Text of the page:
Byrne, Robert (‘Bobby’) (1889–1919), trade unionist and republican, was born 28 November 1889 at 5 Upper Oriel St., Dublin, one of three sons of Robert Byrne, fitter, of North Strand, Dublin, and Annie Byrne (née Hurley) of Limerick. He was a cousin of Alfie Byrne (qv). He moved with the family to live at Townwall Cottage, Limerick city, and was working as a telegraph operator at the city's general post office when he became involved in nationalist and labour politics. He was believed by the RIC to be a Sinn Féin activist as early as 1916, and in December 1918 he was elected adjutant of 2nd Battalion, Limerick Brigade, IRA. He was branch president of the Post Office Clerks' Association and their representative on Limerick's United Trades and Labour Council when he was discharged for a combination of union activities and attending the funeral of a Volunteer, John Daly. In January 1919, when a revolver was found at his mother's home, he was arrested, court-martialled, and sentenced to twelve months in prison. On entering Limerick jail he led an agitation for political-prisoner status among republican inmates, escalating it until he himself went on hunger-strike. The prisoners received support from community groups, including the United Trades and Labour Council. By mid March 1919 illness forced his transfer to the Limerick union hospital, where he was kept in an ordinary ward under armed guard. On 6 April a botched rescue attempt by over twenty Volunteers resulted in the shooting of two guards (Constable Martin O'Brien fatally) and the wounding of Byrne, who was extricated from custody but subsequently died at the house of John Ryan of Knockalisheen, Meelick, Co. Clare. It is unclear whether he received his fatal wound from a guard or Batty Stack, the only armed Volunteer. A series of arrests followed that evening, including those of Mrs Ryan and Mrs Byrne.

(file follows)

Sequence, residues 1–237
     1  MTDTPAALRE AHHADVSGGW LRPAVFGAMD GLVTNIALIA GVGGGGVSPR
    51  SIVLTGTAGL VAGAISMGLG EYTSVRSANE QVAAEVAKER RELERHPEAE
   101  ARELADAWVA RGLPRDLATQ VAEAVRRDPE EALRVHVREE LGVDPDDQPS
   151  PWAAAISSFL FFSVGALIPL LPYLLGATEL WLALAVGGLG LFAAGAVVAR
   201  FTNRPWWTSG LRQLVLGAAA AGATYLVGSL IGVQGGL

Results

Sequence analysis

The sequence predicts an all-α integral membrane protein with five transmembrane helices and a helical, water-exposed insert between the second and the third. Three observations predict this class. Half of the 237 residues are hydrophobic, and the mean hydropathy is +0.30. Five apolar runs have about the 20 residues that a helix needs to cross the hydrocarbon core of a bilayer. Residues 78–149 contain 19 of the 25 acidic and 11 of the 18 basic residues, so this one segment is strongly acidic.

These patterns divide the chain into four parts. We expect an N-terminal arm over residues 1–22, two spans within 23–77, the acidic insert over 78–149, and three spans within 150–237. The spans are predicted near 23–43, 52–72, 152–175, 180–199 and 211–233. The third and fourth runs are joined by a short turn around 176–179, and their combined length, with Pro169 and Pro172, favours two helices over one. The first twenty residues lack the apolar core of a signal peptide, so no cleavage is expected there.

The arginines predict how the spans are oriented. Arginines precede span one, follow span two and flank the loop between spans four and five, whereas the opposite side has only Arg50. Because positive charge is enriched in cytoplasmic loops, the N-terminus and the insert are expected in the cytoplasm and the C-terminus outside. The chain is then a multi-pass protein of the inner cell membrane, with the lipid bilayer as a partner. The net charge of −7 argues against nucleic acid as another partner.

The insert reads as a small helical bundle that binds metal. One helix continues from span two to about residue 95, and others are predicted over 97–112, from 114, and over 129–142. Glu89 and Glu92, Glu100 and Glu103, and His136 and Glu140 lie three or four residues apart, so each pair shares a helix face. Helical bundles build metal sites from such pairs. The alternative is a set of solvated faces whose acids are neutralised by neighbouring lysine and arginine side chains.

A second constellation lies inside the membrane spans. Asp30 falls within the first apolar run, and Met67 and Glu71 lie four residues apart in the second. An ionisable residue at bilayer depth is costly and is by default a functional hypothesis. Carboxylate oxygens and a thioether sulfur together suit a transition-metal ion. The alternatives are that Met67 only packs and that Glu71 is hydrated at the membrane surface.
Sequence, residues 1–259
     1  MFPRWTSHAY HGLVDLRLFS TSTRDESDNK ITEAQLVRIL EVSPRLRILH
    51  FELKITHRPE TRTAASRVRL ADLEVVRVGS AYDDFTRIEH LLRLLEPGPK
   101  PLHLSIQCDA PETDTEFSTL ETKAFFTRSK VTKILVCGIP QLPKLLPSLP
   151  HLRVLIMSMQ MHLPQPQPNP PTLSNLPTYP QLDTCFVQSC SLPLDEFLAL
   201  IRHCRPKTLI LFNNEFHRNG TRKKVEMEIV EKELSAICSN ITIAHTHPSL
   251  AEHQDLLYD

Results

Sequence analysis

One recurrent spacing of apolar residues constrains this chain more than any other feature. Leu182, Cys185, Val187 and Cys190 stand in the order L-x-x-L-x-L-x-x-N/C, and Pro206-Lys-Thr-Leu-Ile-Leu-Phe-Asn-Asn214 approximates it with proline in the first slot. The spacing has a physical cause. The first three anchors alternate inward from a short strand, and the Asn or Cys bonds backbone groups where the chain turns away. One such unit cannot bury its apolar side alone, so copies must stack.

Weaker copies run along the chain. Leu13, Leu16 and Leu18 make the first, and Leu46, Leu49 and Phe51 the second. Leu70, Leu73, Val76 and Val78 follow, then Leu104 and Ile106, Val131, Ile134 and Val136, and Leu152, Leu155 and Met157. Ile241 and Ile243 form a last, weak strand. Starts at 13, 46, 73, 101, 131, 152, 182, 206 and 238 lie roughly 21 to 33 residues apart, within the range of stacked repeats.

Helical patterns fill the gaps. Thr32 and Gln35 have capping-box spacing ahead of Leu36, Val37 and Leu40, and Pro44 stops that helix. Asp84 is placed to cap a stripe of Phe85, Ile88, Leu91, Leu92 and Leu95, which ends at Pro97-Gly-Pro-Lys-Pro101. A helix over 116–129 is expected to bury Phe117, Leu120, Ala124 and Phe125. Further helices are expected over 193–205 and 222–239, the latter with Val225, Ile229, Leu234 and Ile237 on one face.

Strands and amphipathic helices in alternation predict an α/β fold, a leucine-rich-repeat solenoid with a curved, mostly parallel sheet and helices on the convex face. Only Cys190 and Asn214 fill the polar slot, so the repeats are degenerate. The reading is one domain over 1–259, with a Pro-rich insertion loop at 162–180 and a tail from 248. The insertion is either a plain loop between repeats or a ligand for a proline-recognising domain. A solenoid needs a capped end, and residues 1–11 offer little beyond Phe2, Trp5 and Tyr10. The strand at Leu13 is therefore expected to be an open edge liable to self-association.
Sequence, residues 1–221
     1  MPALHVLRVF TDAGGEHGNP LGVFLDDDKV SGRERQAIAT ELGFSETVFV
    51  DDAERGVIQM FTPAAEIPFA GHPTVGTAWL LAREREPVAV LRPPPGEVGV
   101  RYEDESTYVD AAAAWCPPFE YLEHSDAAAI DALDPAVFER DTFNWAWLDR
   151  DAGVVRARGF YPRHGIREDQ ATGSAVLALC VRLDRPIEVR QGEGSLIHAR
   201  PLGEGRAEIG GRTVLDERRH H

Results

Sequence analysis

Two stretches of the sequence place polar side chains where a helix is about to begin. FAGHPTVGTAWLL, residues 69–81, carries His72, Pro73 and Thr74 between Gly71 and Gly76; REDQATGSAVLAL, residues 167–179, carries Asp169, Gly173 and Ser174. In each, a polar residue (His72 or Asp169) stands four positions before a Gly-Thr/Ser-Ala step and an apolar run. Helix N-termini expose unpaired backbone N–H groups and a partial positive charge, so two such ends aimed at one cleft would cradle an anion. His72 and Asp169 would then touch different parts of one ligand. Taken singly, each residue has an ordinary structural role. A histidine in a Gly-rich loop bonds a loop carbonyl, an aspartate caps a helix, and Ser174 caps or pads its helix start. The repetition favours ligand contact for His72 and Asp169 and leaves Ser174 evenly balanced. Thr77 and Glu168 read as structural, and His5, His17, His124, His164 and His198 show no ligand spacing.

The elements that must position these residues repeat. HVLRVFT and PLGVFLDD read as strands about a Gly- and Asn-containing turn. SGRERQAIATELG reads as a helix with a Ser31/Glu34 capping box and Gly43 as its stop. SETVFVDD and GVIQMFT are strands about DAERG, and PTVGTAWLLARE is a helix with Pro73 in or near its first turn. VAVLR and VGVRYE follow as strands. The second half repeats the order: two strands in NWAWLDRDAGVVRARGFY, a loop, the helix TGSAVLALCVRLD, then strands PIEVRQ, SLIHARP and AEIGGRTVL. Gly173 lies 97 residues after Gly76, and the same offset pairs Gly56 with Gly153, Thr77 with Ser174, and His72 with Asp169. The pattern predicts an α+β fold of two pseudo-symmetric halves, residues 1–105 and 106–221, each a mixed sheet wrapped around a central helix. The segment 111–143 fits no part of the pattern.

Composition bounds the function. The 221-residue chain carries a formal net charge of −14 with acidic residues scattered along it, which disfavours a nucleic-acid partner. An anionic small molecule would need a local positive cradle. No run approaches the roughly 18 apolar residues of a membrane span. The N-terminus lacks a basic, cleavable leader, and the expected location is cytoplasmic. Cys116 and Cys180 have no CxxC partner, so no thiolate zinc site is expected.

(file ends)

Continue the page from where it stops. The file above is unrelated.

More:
The body's removal to Limerick cathedral (8 April) was the occasion of a huge republican demonstration, and thousands filed past the body as it lay in state. The authorities reacted by invoking the defence of the realm act to declare the city a ‘special military area’ and maintaining a large presence at the funeral. The United Trades and Labour Council responded to the restrictions on freedom of movement by declaring a general strike, which became known as the ‘Limerick soviet’ (14–27 April); it received international press coverage, mainly due to the coincidence of an air race that brought foreign correspondents to the city.